How We Brought a Pan-Latin Flavor to Portland Theater

For the Milagro/Miracle Company, Being a Cultural Minority Has Been a Boon

The Milagro’s production of Cuéntame Coyote. Courtesy of Courtesy of Milagro Theatre Group.

It may appear surprising or counter-intuitive to operate a bilingual, Latino-centered theater company in a city that is less than 10 percent Latino.

But for me, my wife Dañel Malán, and our colleagues at Milagro, establishing our artistic home in Portland, Oregon, has afforded creative and community-building opportunities we might not have had if we’d settled in Texas, California, or some other state with a more pronounced Spanish accent.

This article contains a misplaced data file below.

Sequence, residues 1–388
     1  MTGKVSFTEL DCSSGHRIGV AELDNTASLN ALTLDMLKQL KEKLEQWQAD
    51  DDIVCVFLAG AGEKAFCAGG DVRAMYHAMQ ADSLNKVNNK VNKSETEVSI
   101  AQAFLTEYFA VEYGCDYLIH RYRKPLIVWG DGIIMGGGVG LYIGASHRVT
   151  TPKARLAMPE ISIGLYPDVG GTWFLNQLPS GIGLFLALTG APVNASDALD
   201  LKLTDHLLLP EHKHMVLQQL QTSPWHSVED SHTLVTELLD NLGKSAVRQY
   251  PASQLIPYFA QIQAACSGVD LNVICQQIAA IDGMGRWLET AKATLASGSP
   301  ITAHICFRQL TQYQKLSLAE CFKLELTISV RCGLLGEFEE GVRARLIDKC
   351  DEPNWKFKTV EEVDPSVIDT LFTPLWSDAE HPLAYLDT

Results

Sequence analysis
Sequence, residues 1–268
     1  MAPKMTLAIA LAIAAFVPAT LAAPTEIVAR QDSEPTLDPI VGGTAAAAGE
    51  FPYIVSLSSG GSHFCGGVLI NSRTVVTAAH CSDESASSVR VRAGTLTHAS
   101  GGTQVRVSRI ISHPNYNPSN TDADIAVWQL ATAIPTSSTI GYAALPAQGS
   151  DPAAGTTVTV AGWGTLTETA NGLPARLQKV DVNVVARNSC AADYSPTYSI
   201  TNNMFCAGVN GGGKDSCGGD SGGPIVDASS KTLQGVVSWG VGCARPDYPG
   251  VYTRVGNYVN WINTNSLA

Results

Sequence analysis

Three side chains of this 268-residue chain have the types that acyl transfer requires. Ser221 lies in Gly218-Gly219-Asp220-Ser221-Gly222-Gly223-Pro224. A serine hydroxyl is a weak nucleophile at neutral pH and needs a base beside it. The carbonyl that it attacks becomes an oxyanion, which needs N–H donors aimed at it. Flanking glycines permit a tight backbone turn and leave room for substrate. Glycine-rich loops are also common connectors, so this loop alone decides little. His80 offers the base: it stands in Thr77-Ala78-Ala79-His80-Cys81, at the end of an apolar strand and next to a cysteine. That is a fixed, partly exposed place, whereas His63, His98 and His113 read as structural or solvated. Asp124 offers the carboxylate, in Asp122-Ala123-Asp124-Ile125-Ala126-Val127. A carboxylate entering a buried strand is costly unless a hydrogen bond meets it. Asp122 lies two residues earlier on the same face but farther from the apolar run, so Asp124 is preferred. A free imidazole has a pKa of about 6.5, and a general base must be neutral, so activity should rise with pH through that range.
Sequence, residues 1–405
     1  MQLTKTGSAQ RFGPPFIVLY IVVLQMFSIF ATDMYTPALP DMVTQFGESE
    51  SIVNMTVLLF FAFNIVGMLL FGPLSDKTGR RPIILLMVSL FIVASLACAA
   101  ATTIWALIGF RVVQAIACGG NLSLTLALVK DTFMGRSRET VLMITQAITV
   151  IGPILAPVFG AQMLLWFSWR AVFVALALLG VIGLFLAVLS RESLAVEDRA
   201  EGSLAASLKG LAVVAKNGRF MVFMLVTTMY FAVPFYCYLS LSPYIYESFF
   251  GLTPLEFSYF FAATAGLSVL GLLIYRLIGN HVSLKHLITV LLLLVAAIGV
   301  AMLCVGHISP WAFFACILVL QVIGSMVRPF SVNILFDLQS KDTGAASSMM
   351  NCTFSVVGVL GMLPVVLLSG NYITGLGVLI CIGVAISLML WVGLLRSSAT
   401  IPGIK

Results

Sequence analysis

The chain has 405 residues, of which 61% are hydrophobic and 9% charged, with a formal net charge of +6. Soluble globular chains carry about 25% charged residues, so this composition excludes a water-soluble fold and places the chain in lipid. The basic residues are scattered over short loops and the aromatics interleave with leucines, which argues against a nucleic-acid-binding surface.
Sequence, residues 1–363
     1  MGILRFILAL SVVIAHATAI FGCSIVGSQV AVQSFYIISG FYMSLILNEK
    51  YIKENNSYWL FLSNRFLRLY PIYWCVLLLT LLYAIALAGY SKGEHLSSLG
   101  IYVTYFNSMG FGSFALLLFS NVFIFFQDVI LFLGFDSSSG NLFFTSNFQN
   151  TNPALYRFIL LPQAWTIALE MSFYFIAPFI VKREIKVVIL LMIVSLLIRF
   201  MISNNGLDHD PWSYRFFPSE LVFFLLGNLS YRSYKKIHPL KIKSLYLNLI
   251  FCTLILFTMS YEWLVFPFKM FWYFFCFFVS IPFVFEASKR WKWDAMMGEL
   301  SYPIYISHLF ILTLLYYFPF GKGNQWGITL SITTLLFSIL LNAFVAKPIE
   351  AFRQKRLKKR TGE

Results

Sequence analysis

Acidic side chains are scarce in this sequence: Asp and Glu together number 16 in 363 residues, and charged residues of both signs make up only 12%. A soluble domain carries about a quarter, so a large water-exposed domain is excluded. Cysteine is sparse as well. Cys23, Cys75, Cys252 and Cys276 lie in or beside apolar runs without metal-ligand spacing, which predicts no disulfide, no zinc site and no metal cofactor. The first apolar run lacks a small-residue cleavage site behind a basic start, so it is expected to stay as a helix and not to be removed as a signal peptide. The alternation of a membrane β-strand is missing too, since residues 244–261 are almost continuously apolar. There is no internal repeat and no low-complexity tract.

In one way, I think the organization’s success may be directly related to not being in the center of a major or a significant Latino population. We have articulated a universal approach to Latino stories, as opposed to just identifying with one country (say Mexico) or one ethnic identity (Chicano, for example). We were able to present a menu of theatrical experiences from all over the world and allowed people to learn and to participate.

I’m from Corpus Christi and Dañel is from San Diego. But I moved to Portland in ’67, when I was 15, and went to high school here, and started my theatrical career at the old Portland Civic Theatre. Even though I returned back to Texas in the late ‘70s, I kept coming back here to visit family and also to work on shows.